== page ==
After significant discussion and varied interpretations around the application of the lower company tax rate, clarity has been gained with legislation being passed outlining which companies can get access to the lower tax.

The introduction of the lower tax rate is part of the Government’s enterprise tax plan that will see the company tax rate gradually reduce from 30% to 25% by 2026-27.

The lower tax rate of 27.5% is available to companies that are defined as base rate entities in the 2018 financial year.

This is different to the eligibility for the lower tax rate in prior years which was limited to companies that were small business entities, meaning a company that carried on a business and had aggregated business turnover of less than $10 million (2017) and $2 million (2016).

In general terms, the current legislation defines a base rate entity to be a company that has aggregated turnover of less than $25 million and no more than 80% of the income can be passive income.

From a taxpayer’s perspective, the move from the small business entity eligibility criteria will provide greater opportunity for companies to access the lower rate in the 2018 financial year.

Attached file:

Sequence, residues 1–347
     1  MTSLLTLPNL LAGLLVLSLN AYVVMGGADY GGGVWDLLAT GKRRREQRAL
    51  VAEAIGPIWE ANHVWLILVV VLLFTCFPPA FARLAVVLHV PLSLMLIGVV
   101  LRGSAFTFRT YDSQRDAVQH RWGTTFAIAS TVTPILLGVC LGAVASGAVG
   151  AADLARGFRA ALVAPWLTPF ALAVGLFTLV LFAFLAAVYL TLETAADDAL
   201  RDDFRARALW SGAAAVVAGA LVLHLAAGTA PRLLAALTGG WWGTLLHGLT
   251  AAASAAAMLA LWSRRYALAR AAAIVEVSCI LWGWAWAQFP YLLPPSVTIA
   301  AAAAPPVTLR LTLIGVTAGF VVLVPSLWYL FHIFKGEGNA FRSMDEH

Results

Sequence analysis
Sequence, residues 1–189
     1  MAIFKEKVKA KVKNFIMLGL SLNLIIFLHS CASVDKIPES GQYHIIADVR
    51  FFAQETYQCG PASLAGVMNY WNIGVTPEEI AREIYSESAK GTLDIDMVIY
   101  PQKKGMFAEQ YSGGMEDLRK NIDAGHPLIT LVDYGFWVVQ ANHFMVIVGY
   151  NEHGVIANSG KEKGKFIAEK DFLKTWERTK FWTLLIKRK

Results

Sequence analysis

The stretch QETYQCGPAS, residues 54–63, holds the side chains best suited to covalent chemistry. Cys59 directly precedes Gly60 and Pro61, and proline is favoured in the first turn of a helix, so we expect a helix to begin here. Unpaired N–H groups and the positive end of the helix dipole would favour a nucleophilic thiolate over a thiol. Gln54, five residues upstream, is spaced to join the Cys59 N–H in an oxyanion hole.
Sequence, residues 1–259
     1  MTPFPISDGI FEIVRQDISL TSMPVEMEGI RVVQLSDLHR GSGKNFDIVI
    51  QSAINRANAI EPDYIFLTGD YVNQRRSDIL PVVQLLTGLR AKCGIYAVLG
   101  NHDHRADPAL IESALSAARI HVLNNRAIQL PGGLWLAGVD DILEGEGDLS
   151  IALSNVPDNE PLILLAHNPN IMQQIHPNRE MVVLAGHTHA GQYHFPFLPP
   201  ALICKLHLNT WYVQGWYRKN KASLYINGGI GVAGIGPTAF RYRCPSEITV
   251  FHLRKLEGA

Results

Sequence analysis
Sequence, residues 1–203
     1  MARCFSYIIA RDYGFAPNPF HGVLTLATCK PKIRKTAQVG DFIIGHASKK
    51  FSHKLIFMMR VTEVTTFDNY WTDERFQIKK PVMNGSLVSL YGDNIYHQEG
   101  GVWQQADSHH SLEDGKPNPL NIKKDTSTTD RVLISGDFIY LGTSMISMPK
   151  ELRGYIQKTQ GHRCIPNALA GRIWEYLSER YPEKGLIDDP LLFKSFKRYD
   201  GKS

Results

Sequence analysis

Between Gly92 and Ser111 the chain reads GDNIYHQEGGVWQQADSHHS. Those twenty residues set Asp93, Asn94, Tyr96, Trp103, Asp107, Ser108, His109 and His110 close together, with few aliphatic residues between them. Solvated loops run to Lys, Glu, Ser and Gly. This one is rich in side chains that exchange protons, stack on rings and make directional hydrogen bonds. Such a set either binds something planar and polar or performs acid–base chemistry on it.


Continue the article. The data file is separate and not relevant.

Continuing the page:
Another change that this legislation has introduced is clarity regarding the franking credits payable by a company on dividends declared.  Under the new rules, a company must frank a dividend equal to the company tax rate it was subject to in the previous financial year.

What this means for companies accessing the lower tax rate in the 2018 year is that they can continue to frank their dividends to 30 cents in the dollar if declared during the 2018 year.  This is a positive outcome given the old rules limited the franking amount to the current year tax rate, limiting the ability to access tax paid at the higher rate in prior years.

For assistance in administering the taxation requirements for your company or to find out more information on this topic, speak with your Davidsons team member or phone the office on 03 52216399.